Tips on How to Complete an Agility Course Successfully

Leading OneMind Dogs coach Jaakko Suoknuuti believes that agility is an art form, composed of humans and dogs. One of the most important instruments for a successful outcome is to give the dog information as early as possible. 

Our goal is to see smooth agility performances ultimately without words - which can even be practised with a deaf dog. OneMind Dogs wants to offer you tips on how to achieve this magical connection and successfully complete agility courses. 

Dog in the Heart

A dog is not a machine – it is man’s best friend. We never forget this and love to spend time with our dogs and practice agility with them; the dog itself is at the heart of OneMind Dogs.

Our ultimate goal is to improve dog training techniques towards a dog-friendly attitude with successful results, and, through this, improve the wellbeing of dogs around the world. Competition results are not the drive for us; our love of dogs is our motivation and the positive changes when a handler understands their dog on a deeper level is the biggest prize of all.

Dogs themselves have taught us to improve our training techniques. Why don’t you try listening to and understanding your dog through our method?

Handle Lines, Not Obstacles

OneMind Dogs is not an obstacle-driven method. On the contrary, the handler concentrates on handling the dog on running lines, not from one obstacle to another. This facilitates the dog’s movement in the agility course as they anticipate what’s coming next!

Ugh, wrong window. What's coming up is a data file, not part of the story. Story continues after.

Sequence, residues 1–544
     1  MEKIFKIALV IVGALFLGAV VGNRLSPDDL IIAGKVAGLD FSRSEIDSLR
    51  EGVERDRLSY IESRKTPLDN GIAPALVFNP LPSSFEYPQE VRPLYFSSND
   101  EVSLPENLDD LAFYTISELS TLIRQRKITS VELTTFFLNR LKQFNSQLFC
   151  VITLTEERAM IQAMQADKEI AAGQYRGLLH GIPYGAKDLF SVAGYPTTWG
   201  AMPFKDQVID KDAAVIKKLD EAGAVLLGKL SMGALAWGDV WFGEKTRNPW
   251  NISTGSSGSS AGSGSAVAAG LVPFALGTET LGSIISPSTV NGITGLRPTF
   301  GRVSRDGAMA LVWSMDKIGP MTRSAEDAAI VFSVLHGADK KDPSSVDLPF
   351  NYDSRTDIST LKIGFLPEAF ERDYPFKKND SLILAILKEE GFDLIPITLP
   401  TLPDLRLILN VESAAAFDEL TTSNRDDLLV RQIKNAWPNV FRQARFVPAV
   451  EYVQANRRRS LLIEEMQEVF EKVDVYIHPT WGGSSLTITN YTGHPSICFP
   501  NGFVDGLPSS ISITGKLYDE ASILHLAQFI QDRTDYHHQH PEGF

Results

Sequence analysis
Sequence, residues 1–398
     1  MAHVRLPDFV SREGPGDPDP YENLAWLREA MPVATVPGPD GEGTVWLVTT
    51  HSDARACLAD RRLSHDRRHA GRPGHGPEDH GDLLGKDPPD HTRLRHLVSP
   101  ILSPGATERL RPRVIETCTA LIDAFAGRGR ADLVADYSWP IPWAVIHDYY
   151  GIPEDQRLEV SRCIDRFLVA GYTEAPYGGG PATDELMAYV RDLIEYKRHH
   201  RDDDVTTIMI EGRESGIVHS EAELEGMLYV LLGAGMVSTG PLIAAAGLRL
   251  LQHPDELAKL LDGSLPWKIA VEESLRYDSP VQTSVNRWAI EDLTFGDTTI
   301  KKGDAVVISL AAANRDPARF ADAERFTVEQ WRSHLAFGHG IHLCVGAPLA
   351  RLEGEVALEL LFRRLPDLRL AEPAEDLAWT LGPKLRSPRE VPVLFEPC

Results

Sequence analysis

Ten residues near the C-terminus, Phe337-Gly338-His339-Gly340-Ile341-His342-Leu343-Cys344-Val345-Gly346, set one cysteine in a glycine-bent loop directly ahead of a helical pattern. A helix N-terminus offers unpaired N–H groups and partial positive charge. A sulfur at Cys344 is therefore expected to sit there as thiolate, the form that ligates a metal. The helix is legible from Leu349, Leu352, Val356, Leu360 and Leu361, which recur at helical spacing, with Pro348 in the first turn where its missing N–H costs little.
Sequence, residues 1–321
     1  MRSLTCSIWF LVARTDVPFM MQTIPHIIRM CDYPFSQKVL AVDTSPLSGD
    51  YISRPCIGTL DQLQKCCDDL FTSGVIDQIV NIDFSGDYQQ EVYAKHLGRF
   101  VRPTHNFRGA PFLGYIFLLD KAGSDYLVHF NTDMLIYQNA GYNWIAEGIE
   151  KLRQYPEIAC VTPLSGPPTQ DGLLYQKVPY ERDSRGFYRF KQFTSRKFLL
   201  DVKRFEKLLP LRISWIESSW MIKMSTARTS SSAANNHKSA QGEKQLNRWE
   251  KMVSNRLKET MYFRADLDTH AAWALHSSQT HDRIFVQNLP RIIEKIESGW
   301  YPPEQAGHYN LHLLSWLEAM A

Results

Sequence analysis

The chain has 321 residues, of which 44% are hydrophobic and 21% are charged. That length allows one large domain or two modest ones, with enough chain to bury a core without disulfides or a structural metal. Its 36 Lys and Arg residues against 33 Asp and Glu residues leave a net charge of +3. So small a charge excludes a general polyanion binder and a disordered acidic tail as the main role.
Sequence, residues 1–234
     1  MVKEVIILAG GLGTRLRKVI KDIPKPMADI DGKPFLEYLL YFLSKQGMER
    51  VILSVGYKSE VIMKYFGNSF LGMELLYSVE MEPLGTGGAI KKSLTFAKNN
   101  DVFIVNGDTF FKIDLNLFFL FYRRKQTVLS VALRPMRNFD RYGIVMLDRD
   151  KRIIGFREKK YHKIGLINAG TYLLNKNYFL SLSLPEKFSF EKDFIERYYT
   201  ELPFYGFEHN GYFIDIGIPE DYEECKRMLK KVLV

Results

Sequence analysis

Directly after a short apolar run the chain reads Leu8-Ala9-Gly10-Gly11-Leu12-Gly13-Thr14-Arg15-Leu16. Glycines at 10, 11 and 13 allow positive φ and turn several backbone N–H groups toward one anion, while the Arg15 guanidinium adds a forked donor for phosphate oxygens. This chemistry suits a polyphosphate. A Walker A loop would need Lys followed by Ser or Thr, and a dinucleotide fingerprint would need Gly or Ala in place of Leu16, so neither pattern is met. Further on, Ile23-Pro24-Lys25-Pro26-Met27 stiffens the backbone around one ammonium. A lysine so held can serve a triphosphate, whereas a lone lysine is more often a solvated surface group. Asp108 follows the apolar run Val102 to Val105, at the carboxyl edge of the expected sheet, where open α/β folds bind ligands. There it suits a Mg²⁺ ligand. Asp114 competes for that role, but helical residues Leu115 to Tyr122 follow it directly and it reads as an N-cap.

The handling goal is that the dog has the right obstacle in sight as early as possible. Another important element to support the dog’s movement in the course is to give information to the dog as early as possible; this allows the dog to manage each obstacle at the correct speed. Our method is based on positive reinforcement and we encourage dogs to practice agility independently by moving in the course smoothly - without holding them back or giving negative feedback. Dogs are allowed to approach the obstacle they see in front and it's the handler’s job to direct them to see the right obstacle in front of them! In fact, when a dog completes a wrong obstacle, we reward the dog with delicious prizes – they don’t make mistakes, we humans make mistakes.

The dog never reads our non-verbal signals incorrectly. Handlers just don’t communicate clearly enough. We don’t punish dogs for our mistakes.

Critical Points

Each agility course includes few critical points, which the handler has to reach in time to negotiate the next sequence successfully for the dog. When the handler doesn’t reach the critical point early enough, in many cases the dog can’t finish the course smoothly. Different handling techniques are tools that help the handlers to be on those points on time, even when they are not the fastest runners. The faster your dog is compared to you, the greater advantage you get from mastering all our different techniques.

For All Dog Sizes, Shapes and Ages

We care about all dogs, no matter which size, shape or age. All our techniques can be applied from Chihuahuas to Great Danes, and from puppies to elderly dogs. Ultimately OneMind Dogs is a life philosophy to better understand our dog and connect with it on a deeper level. We also seek to help dog owners enjoy their dog more by spending time with the dog, such as when practicing agility.

No Limits!

The overarching philosophy of OneMind Dogs is that we are constantly evolving; we learn from our dogs and trainees at all times. We do not want to bind ourselves with rules and we seek to think ‘out of the box’. Our instructors travel around the world to train different agility handlers, which helps us to understand different dog training cultures and how we can support them in improving training techniques and dog wellbeing. Soon after the OneMind Dogs method principals were created Jaakko Suoknuuti became the lead innovator of the OneMind Dogs method. He has constant drive and passion to analyze how we can improve existing handling techniques or invent new ones, to even better serve the world of dogs.


 

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